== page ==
Sonic the hedgehog has come in many shapes and forms over the past 25 years, and Sega has picked its best two incarnations of him for "Sonic Generations," trying to bridge the gap between the original 32-bit game series and the Sonic series of today. In "Sonic Generations" for the Nintendo 3DS, we trade off between levels starring the silent, cartoony Sonic introduced to us through the Sega Genesis and the mouthy, super-charged Sonic of the Dreamcast's "Sonic Adventure."
The story mirrors that of the game's big brother, "Sonic Generations" for home gaming consoles, but the storytelling isn't masterfully told on the 3DS. It follows a time-space continuum rift that causes past and present Sonics to meet in a nondescript, colorless limbo. Scenes between levels are abstract, characters talk to each other in minimalist white rooms, decorated a few turning gears at most. Little is explained about the plot and it's clear that the developers of "Sonic Generations" for the 3DS were focused on game play first.
The 3D is serviceable, adding depth to Sonic's world, but runs into a problem that other 3DS games based on speed have encountered: Turning the system even slightly in your hands can undo the 3D effect and leave you looking at the screen as if you were crosseyed. This will happen a lot as you navigate loop-the-loops and shoot across gaps. I ended up playing with the 3D turned off for most of the game.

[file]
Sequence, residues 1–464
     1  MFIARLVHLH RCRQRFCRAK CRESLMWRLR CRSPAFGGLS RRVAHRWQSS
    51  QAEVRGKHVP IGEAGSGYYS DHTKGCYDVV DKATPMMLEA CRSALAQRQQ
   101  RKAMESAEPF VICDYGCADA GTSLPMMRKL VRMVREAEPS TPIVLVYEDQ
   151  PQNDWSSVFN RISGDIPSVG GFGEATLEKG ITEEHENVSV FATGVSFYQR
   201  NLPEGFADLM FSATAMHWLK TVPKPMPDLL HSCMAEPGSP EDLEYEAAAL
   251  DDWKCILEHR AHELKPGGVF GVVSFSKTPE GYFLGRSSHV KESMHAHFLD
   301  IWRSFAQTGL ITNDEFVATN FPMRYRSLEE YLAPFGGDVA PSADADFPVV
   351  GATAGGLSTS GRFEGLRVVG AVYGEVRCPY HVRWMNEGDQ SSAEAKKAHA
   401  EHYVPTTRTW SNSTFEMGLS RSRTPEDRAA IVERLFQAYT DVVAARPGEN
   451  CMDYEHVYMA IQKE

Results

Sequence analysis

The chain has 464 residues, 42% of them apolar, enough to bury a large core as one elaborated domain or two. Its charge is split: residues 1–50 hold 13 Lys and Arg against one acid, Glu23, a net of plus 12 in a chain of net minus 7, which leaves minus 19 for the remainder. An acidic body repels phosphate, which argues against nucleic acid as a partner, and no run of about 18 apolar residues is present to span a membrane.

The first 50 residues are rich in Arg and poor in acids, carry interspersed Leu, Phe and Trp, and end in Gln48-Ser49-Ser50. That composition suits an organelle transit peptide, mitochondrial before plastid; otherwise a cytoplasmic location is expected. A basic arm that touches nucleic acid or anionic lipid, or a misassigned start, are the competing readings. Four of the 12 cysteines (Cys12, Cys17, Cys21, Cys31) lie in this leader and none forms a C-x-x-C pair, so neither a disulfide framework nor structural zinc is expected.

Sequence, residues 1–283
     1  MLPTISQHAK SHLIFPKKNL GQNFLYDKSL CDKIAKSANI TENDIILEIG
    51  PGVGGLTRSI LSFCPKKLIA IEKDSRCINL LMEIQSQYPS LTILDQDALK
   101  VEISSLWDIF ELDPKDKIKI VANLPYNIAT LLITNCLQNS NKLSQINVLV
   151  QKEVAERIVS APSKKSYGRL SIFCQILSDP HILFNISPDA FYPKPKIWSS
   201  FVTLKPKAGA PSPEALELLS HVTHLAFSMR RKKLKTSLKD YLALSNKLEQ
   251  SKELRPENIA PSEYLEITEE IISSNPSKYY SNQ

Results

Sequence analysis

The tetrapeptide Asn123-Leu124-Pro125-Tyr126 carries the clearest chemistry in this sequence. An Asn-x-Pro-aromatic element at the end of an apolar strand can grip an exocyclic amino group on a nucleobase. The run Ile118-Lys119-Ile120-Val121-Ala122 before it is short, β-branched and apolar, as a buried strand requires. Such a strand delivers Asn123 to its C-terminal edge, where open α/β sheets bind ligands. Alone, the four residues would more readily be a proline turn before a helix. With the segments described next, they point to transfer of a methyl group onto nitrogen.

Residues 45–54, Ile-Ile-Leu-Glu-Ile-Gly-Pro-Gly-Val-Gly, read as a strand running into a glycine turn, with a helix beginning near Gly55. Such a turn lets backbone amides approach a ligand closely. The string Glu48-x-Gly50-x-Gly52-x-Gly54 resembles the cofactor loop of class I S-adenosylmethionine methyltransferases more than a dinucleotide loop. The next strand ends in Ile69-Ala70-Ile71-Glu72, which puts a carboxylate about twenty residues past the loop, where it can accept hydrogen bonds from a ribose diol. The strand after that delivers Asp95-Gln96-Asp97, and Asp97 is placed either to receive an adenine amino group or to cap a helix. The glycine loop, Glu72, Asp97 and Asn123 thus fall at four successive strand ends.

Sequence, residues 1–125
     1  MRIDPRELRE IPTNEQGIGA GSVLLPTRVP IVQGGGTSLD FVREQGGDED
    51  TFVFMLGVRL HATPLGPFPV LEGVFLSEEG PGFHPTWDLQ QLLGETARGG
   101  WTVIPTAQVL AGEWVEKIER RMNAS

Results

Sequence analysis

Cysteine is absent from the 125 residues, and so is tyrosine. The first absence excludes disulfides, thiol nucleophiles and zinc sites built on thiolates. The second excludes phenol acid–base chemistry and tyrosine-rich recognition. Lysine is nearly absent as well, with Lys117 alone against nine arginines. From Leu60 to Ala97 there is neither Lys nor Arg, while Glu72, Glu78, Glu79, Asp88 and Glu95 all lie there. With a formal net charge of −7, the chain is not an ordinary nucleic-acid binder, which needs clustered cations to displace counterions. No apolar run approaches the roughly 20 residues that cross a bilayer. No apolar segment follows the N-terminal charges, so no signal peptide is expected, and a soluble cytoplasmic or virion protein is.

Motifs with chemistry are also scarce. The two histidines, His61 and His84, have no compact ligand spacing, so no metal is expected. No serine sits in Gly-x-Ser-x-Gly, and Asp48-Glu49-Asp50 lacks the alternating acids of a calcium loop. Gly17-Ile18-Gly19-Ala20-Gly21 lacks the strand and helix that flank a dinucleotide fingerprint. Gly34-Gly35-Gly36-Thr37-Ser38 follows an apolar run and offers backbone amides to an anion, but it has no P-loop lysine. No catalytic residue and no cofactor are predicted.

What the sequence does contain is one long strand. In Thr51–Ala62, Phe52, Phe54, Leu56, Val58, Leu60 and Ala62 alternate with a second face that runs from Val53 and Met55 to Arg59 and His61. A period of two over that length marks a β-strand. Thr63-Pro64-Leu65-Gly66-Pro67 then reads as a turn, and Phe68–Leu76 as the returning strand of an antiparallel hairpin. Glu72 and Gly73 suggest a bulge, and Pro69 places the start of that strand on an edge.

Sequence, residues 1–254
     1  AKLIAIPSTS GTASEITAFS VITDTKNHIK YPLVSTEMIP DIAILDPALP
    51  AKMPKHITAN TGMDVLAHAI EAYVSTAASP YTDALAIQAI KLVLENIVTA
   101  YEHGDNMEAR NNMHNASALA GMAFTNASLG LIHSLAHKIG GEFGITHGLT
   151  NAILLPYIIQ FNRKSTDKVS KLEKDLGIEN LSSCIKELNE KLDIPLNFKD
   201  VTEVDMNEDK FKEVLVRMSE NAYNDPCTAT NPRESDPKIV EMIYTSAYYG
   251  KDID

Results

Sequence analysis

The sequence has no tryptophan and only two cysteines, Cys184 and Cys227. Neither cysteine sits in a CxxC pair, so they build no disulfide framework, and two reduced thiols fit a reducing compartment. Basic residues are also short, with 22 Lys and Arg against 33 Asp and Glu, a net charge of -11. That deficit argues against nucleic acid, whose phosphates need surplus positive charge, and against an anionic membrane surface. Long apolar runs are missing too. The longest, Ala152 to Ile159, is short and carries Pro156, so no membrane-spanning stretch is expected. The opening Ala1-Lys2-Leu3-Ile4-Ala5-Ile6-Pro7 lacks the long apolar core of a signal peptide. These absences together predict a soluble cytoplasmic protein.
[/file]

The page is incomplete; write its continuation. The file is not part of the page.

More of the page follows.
The gameplay can be confusing and will have you switching between a 1991 Sonic and a 1999 Sonic, both with slightly different mechanics for speeding up and jumping. Just as you've mastered one, you've got to play a level as another. It's easy to forget which buttons you need to press in order to save your life.
Get ready to see the Game Over screen, homing will likely fail you and you'll be losing your rings. You will not stumble upon many extra lives and ring collection to 100 will not happen often. Sometimes you can swim in water, sometimes water means death. It's fairly arbitrary. You'll also see signs warning of a deadly drop ahead -- as you're dropping off said deadly drop.
This game isn't forgiving when asking you to quickly press Y to save your life. Players are often given less reaction time than most "God of War" games require.
Sonic is less about solving puzzles as it is making split-second decisions that can mean life or death. Memorizing the courses are the only way to get by. Go too fast and you'll fly off a cliff, too slow and the game's platforming becomes tedious.
The levels feel too long, often with four checkpoints along the way. It would have been better to split these into multiple courses, especially when memorizing the routes that become the only way to get to the finish line. Modern Sonic levels particularly took me forever to complete, and their length ensured I would not be returning to any particular level for a replay.
The Sonic team has succeeded in making a challenging game, but at the cost of much fun. It can be exhilarating to experience old levels in a new dimension, even more to visit recent Sonic locales on a mobile platform.
Levels played with classic Sonic are the best of the bunch. They prove that the series is best when it's not focused on pure unbridled speed over intelligent obstacle design.